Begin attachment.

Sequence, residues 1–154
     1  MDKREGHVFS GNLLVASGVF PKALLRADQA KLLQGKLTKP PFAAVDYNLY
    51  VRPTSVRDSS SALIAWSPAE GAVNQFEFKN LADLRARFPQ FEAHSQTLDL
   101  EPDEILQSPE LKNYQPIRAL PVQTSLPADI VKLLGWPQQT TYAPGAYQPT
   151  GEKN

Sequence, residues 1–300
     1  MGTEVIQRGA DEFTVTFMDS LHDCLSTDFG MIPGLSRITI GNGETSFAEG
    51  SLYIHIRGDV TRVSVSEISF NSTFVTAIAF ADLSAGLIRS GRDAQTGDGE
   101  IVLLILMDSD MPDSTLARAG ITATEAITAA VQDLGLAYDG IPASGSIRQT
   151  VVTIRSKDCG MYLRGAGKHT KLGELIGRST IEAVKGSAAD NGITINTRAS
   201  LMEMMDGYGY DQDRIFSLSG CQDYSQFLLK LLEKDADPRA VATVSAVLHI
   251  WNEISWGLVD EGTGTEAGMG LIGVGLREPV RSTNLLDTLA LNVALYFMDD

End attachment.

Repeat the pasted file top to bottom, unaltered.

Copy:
Sequence, residues 1–154
     1  MDKREGHVFS GNLLVASGVF PKALLRADQA KLLQGKLTKP PFAAVDYNLY
    51  VRPTSVRDSS SALIAWSPAE GAVNQFEFKN LADLRARFPQ FEAHSQTLDL
   101  EPDEILQSPE LKNYQPIRAL PVQTSLPADI VKLLGWPQQT TYAPGAYQPT
   151  GEKN

Sequence, residues 1–300
     1  MGTEVIQRGA DEFTVTFMDS LHDCLSTDFG MIPGLSRITI GNGETSFAEG
    51  SLYIHIRGDV TRVSVSEISF NSTFVTAIAF ADLSAGLIRS GRDAQTGDGE
   101  IVLLILMDSD MPDSTLARAG ITATEAITAA VQDLGLAYDG IPASGSIRQT
   151  VVTIRSKDCG MYLRGAGKHT KLGELIGRST IEAVKGSAAD NGITINTRAS
   201  LMEMMDGYGY DQDRIFSLSG CQDYSQFLLK LLEKDADPRA VATVSAVLHI
   251  WNEISWGLVD EGTGTEAGMG LIGVGLREPV RSTNLLDTLA LNVALYFMDD